CAYENNE CHILI PEPPER Sprinkling this spice on your food helps prevent a big spike in blood sugar after a meal, according to a new study from the University of Tasmania. When adults polished off a chili-seasoned burger on a bun with a sugary beverage, their blood sugar was much lower than when they finished the drink and the burger sans spices. The researchers credit capsaicin—the fiery substance in chili peppers—for at least part of the benefit.
CARROTS A Harvard University study found that crunching on half a cup of dark yellow vegetables, like carrots, each day cuts the risk of diabetes in women by 27 percent. The researchers aren't sure why, but they think it may be due to the high level of antioxidants in these vegetables. To enhance your absorption of antioxidants from carrots (or any colorful veggie), serve them with a little fat, such as olive oil.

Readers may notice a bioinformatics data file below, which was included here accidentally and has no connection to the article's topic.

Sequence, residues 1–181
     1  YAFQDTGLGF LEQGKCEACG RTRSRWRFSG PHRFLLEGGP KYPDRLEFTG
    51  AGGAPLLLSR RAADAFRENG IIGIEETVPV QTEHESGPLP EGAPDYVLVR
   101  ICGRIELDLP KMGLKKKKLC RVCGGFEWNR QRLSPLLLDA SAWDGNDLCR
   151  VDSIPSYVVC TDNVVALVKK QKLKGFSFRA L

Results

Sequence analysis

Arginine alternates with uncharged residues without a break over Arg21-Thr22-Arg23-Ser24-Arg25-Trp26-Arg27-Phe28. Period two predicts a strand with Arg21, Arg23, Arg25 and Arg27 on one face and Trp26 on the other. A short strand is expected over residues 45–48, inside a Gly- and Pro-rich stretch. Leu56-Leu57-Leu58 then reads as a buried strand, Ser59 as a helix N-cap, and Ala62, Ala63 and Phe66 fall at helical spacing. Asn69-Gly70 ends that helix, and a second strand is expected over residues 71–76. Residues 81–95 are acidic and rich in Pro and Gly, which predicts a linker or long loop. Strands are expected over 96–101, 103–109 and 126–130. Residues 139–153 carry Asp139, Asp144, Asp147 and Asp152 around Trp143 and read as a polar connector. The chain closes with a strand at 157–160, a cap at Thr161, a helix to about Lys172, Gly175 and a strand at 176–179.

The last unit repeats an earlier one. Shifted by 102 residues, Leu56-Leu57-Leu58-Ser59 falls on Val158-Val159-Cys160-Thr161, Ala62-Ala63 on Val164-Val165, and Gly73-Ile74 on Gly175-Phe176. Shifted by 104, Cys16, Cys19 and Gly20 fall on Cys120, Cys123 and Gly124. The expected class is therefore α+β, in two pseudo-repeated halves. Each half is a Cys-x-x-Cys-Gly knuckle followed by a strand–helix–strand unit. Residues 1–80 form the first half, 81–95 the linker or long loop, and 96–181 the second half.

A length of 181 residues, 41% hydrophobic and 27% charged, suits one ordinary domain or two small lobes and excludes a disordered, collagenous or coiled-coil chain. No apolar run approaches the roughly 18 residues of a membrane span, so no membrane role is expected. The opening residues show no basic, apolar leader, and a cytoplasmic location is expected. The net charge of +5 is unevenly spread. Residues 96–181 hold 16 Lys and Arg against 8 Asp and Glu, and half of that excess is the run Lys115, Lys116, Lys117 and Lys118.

Scale back your weight
Simply carrying a few extra pounds on your frame raises your chances of developing chest pain or having a heart attack by 17 percent, according to a review of 21 studies published in the Archives of Internal Medicine. Being obese—having a body mass index of 30 or greater—increases your risk by 49 percent. Excess pounds also raise your odds of developing high blood pressure, high cholesterol, inflammation, diabetes, and other conditions that increase heart disease risk. To maintain a healthy weight, incorporate these foods into your meals.
BROCCOLI While it's true that all veggies are low- cal, broccoli is one of the biggest diet bargains: A half cup of cooked florets has a mere 27 calories, about the amount in just a tiny bite of lasagna. You'll also get 3 grams of fiber, which helps fill you up. "Before you cook broccoli, chop it into small pieces. That way, it will absorb the seasonings better," says Gutterson.